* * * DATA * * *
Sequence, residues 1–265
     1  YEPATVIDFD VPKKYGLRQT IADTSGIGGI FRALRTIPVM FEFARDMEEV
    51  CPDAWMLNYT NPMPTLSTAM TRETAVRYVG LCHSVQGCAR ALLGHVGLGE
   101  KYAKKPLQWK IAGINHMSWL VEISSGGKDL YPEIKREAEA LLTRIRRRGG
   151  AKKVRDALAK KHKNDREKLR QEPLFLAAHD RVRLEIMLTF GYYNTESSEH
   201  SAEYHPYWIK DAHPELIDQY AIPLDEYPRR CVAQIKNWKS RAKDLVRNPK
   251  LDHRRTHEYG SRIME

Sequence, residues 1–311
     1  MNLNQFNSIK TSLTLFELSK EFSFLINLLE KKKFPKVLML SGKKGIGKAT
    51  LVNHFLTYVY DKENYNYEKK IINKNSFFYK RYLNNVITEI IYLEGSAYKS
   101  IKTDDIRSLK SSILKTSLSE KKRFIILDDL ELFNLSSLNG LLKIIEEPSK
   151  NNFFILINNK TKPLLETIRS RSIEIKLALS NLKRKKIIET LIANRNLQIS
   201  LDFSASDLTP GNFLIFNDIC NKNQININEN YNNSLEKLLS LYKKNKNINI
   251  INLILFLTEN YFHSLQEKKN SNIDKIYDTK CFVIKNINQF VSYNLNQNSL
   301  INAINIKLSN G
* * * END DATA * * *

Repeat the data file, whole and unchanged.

Sequence, residues 1–265
     1  YEPATVIDFD VPKKYGLRQT IADTSGIGGI FRALRTIPVM FEFARDMEEV
    51  CPDAWMLNYT NPMPTLSTAM TRETAVRYVG LCHSVQGCAR ALLGHVGLGE
   101  KYAKKPLQWK IAGINHMSWL VEISSGGKDL YPEIKREAEA LLTRIRRRGG
   151  AKKVRDALAK KHKNDREKLR QEPLFLAAHD RVRLEIMLTF GYYNTESSEH
   201  SAEYHPYWIK DAHPELIDQY AIPLDEYPRR CVAQIKNWKS RAKDLVRNPK
   251  LDHRRTHEYG SRIME

Sequence, residues 1–311
     1  MNLNQFNSIK TSLTLFELSK EFSFLINLLE KKKFPKVLML SGKKGIGKAT
    51  LVNHFLTYVY DKENYNYEKK IINKNSFFYK RYLNNVITEI IYLEGSAYKS
   101  IKTDDIRSLK SSILKTSLSE KKRFIILDDL ELFNLSSLNG LLKIIEEPSK
   151  NNFFILINNK TKPLLETIRS RSIEIKLALS NLKRKKIIET LIANRNLQIS
   201  LDFSASDLTP GNFLIFNDIC NKNQININEN YNNSLEKLLS LYKKNKNINI
   251  INLILFLTEN YFHSLQEKKN SNIDKIYDTK CFVIKNINQF VSYNLNQNSL
   301  INAINIKLSN G